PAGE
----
What makes a good department? A SAS perspective
After being asked to describe a ‘good department’ from the perspective of
a specialty doctor, it struck me that every department is different, just as the
needs of every anaesthetist are different. What follows therefore, are general
observations and suggestions that apply to all departments. If there is a theme
to be had, it is that meeting the individual needs of individual doctors makes
them happier and more productive. It is also usually the right thing to do.
In the typical department nationally, specialty doctors and
associate specialists (SAS doctors) make up around one fifth
of the permanent anaesthetic team. Some SAS doctors may
be relatively inexperienced, requiring supervision and support
to develop their own practice. Other SAS doctors may have
experience and autonomy on a par with their consultant
colleagues, with corresponding needs. Some SAS doctors
will work with some supervision through their careers, while
many will develop greater autonomy. This autonomy should be
appropriately recognised, with work attributed and coded to
the doctor that carried it out. Some SAS doctors will choose to
seek entry to the specialist register via a Certificate of Eligibility
for Specialist Registration (CESR), and this too should be
The good department recognises the value of individuals at
all stages of their careers, supports them and treats them with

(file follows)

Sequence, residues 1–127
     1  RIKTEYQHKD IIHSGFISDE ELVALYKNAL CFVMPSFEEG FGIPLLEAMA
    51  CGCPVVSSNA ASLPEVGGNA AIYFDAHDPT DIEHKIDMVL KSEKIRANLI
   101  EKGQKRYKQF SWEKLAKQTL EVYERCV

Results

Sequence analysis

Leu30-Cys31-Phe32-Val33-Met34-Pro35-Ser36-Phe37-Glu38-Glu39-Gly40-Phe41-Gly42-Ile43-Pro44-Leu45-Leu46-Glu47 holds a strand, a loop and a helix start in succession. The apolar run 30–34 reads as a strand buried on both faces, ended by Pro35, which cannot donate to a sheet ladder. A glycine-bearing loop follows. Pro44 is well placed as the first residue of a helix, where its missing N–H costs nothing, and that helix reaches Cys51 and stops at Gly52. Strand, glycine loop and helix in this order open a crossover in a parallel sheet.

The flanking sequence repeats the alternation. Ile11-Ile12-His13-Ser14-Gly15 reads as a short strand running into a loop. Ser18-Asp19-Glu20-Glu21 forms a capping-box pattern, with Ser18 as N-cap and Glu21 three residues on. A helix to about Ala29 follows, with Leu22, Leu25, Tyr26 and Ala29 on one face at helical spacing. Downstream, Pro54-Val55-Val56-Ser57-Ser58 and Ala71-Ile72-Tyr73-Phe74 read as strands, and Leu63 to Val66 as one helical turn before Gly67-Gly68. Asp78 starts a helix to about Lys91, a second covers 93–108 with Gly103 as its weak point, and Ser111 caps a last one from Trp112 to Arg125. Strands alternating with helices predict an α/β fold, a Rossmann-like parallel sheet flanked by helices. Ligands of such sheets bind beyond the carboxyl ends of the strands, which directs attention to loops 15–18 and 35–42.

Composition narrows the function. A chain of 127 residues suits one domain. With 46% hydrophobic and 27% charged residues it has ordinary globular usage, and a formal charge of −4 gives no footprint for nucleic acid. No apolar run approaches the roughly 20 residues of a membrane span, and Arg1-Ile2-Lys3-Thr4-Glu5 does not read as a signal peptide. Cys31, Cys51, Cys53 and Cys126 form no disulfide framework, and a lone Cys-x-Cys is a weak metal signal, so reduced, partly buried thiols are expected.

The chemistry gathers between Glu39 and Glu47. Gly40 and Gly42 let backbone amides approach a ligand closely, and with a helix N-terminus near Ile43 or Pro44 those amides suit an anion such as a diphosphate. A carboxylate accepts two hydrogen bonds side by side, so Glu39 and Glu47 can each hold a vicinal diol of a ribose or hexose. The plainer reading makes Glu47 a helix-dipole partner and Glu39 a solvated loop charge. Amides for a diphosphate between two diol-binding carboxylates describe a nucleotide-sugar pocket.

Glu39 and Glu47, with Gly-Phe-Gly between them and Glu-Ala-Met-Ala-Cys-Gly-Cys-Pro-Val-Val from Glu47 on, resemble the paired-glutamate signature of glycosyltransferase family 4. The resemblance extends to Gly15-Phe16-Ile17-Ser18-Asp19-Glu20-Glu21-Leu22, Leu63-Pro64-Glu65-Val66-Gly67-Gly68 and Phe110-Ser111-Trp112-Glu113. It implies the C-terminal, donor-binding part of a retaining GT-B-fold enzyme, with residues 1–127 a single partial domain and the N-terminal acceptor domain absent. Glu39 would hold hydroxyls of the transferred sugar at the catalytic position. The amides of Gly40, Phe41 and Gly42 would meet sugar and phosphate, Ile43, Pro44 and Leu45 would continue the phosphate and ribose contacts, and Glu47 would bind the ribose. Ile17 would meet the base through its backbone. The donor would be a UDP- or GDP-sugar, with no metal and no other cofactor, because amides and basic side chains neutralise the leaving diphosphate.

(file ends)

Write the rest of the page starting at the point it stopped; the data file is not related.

As valued members of the department, SAS doctors
should be involved in departmental planning, recruitment and
service development. Inclusivity is important and too often
forgotten. Does your department have ‘consultant meetings’?
Are your SAS doctors welcome at these meetings? If so,
shouldn’t these meetings be called something different?
All SAS doctors have the same rights to job planning and
requirements for appraisal and revalidation as consultants.
There is no reason why the process for job planning SAS
doctors, or the resulting job plans, should differ greatly from
consultants in the same department. Such job plans should
contain a mutually-agreed balance between fixed sessions
and flexibility, as well as between daytime working and out-of-hours activity. Any arrangements for reducing out-of-hours
commitments on the grounds of advancing age should apply
equally to SAS doctors and consultants alike. Paraphrasing
Animal Farm, in the good department all anaesthetists are
equal, with no group more equal than others.
Appropriate paid SPA time should be included in the contract
for Continuing Professional Development to support appraisal
and revalidation, with a minimum 1 PA. If additional ‘core’ SPA
time is the norm for consultants in a department, it should also
be the norm for that department’s SAS doctors. Additional
roles should carry additional SPA time. Access to office facilities,
appropriate IT and administrative support should likewise be
the same. These things should be true of every department, not
just the good ones.
The good department must create ways of working that allow
each anaesthetist to flourish and carve out an individual niche,
based on their individual talents and expertise.
can play valuable roles in both clinical and non-clinical settings,
and in the good department, they are encouraged to do so.
Nationally, SAS doctors are subspecialty leads, educational
supervisors, appraisers and mentors. Extended roles involving
leadership, education or research for anyone with the aptitude
should be the norm, not the exception. Failure to recognise this
results in frustration from all quarters, and prevents even the
good department becoming the best it can be.
Robert James Fleming
Specialty Doctor and elected board / council member at the
Association of Anaesthetists